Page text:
Friday, May 31, 2013


Social stratification isn't new. Many institutions practice it - how about, say, junior high? Or my first real job at Burger King, where one's ability to speed through orders figured heavily in the social capital metrics. I got pretty high up on that scale, being assigned to "push" drive-through, which required speed and attention to detail in the short term. I was good, but I was not the queen. R -- presided at the drive-through register during the lunch hour rush, keeping thousands of details about each order in the her head, barking when drinks didn't materialize fast enough, waving a metal tray over the car sensor that recorded how long a piece of metal was in front of it, to improve her aggregate time.

My son's Boy Scout troupe before he thankfully quit gave four feet high trophies to the boys whose cars won the race. The first year my son didn't win. The second year he got the big-ass trophy. Then he quit.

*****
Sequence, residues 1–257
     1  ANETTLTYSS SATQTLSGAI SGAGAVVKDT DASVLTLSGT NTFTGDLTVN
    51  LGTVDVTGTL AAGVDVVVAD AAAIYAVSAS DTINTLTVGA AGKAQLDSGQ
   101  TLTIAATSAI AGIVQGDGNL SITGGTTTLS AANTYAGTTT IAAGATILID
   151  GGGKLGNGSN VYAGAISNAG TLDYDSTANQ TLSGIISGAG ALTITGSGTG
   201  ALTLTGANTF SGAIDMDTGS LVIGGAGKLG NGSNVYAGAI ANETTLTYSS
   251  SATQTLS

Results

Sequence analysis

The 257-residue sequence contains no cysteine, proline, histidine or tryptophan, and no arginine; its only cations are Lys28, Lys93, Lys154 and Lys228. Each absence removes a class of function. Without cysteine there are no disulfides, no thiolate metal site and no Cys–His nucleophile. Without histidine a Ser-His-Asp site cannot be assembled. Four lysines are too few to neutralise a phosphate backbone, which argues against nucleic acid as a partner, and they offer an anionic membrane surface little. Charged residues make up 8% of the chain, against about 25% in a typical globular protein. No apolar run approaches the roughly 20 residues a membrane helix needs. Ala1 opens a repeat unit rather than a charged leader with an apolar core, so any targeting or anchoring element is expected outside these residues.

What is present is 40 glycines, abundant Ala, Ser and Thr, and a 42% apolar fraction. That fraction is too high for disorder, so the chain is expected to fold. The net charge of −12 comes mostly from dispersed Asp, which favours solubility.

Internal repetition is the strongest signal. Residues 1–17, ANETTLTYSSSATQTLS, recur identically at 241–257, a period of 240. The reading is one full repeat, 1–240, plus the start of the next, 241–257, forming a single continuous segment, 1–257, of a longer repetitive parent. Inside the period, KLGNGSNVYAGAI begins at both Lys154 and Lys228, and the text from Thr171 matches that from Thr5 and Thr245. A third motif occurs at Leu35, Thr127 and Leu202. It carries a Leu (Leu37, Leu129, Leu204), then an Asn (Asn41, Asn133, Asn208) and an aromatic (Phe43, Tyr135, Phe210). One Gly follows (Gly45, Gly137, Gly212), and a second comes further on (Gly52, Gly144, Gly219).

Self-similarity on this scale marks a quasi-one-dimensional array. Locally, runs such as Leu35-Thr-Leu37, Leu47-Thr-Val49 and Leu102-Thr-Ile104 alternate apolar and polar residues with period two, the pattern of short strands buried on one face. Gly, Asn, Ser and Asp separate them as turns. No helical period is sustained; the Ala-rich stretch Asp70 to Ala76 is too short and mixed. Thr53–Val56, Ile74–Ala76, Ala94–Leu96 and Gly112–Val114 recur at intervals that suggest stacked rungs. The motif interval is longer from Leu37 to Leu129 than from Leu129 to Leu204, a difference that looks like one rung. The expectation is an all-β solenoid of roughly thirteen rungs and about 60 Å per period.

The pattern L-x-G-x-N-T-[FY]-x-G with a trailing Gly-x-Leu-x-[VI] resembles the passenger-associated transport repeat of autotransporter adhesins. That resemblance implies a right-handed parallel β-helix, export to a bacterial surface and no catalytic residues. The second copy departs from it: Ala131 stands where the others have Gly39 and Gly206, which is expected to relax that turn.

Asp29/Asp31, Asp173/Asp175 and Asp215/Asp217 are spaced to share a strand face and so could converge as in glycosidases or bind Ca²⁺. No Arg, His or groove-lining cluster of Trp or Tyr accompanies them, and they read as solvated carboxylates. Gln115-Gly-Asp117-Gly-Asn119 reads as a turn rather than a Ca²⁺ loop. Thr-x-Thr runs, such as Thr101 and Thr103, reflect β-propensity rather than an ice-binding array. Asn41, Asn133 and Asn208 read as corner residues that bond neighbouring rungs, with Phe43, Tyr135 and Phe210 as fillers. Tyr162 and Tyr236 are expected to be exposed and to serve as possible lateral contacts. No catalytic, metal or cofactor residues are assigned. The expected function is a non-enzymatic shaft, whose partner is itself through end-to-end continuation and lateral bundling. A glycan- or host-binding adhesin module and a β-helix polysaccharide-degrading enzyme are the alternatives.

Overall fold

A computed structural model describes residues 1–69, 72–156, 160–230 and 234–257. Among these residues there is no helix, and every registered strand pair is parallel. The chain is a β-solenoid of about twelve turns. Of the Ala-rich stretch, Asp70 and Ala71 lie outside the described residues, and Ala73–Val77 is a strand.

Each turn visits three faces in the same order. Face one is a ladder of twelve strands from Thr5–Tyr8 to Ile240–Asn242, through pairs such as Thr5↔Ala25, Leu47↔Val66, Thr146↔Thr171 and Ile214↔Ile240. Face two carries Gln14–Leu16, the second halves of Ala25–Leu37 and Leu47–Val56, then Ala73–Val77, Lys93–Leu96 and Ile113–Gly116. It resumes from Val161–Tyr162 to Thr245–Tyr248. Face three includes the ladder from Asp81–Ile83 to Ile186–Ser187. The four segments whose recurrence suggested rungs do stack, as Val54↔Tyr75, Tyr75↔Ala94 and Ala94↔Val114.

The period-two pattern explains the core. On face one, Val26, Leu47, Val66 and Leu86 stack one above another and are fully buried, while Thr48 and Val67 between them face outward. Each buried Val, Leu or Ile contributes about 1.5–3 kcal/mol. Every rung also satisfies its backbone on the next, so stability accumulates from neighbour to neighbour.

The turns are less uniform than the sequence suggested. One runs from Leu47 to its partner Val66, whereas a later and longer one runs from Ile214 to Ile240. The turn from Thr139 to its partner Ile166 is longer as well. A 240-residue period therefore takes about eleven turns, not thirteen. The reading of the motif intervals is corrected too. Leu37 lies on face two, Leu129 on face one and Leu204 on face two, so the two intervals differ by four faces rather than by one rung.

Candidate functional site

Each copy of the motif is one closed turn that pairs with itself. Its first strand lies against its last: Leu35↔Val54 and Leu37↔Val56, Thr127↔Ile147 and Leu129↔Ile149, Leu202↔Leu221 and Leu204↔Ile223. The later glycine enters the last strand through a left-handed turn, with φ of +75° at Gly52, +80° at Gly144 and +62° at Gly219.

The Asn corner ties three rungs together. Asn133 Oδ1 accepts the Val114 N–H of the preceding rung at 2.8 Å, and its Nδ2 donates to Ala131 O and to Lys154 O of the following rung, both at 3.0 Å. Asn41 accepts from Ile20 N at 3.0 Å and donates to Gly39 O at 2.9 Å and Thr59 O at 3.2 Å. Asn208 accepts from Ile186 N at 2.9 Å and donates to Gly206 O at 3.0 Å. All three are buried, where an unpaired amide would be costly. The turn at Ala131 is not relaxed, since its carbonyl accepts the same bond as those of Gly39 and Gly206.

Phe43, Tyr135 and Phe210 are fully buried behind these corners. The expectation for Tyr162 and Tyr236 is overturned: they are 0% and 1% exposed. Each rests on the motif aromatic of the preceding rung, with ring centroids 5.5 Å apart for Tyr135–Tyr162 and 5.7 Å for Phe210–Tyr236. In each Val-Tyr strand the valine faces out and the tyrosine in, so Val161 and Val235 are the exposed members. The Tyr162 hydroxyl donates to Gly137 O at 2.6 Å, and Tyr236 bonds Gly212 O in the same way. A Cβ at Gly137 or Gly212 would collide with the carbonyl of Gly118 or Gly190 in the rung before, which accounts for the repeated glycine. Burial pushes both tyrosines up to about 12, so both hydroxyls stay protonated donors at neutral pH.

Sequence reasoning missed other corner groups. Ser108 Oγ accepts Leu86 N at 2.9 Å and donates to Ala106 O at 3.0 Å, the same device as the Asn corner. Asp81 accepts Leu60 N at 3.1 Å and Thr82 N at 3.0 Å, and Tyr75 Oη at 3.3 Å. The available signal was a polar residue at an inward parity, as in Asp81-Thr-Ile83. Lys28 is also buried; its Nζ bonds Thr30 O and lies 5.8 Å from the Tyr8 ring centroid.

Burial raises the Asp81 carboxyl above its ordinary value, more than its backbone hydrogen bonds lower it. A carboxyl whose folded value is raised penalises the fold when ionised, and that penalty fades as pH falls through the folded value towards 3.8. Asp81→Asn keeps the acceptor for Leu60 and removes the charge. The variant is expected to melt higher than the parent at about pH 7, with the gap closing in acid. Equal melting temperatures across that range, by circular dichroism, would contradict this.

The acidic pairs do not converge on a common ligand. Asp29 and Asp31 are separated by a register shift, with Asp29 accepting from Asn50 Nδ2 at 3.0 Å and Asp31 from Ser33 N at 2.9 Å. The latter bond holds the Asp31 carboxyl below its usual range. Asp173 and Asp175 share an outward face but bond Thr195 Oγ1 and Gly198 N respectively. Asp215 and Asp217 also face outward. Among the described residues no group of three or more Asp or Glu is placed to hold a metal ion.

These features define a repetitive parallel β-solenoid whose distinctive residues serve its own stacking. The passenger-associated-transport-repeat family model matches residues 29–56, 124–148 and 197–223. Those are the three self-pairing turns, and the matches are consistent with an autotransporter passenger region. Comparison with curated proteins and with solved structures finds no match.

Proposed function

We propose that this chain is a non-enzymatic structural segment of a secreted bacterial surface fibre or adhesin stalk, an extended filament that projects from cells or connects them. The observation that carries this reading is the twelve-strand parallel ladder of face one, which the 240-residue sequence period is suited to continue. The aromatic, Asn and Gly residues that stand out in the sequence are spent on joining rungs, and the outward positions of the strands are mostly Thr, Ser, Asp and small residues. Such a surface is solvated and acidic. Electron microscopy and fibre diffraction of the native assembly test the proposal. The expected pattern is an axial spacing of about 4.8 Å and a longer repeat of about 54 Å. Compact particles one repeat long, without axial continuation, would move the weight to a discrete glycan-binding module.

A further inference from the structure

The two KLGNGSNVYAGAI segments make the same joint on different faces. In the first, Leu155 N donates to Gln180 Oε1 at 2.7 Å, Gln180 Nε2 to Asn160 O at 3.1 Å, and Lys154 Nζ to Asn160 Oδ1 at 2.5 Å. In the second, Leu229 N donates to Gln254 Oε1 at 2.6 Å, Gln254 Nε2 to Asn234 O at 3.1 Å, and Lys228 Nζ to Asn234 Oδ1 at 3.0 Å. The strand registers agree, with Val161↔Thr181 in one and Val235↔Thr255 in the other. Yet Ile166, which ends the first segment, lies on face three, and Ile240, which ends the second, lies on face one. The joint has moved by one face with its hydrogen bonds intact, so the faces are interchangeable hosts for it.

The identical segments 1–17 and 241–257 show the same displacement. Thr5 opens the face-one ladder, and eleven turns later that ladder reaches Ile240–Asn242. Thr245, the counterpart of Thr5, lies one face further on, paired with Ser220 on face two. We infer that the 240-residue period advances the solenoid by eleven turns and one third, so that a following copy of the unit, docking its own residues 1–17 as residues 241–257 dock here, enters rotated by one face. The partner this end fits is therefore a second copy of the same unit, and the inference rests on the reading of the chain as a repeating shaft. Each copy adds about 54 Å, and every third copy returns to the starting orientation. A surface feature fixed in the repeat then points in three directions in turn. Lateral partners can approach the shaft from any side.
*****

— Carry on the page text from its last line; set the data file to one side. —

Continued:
It's no surprise writers practice it. But shouldn't we, given that we plumb the depths and map the heights of human possibility, be just a little bit more generous with one another?

Shouldn't we, as in the Buddhist adage, feed each other? We all want our place in the pantheon. Some of us will never make it there. Fair enough. But the idea that one might not bring home the trophy causes fear so cloying they feel they must exploit, hoard, denigrate. Some writers pull others down, made possible by a complex interplay between each writers' personal demons.

I offer as evidence the existence of MFA programs where the survivors emerge bloody from the infighting, where comments like "I'm embarrassed to be in the same program with someone who would write shit like this" go unchecked by faculty. (That is a report from a Top 12 graduate who is, now, doing fine.) It's not uncommon to meet the survivors of such programs and hear they went through a long fallow period after graduating. And workshops wherein people hold their accomplishments or connections over themselves like haloes to bask in the golden light then eviscerate the work of others. And the whispered comments, the "what has he done lately." And the current sniping over "likeable characters," which is the same argument, really, as the one about plot-driven v. character-driven narrative.

What's the value of that eternal conflict? If it doesn't kill us, it makes us stronger? Or couldn't we all make each other stronger?

No comments: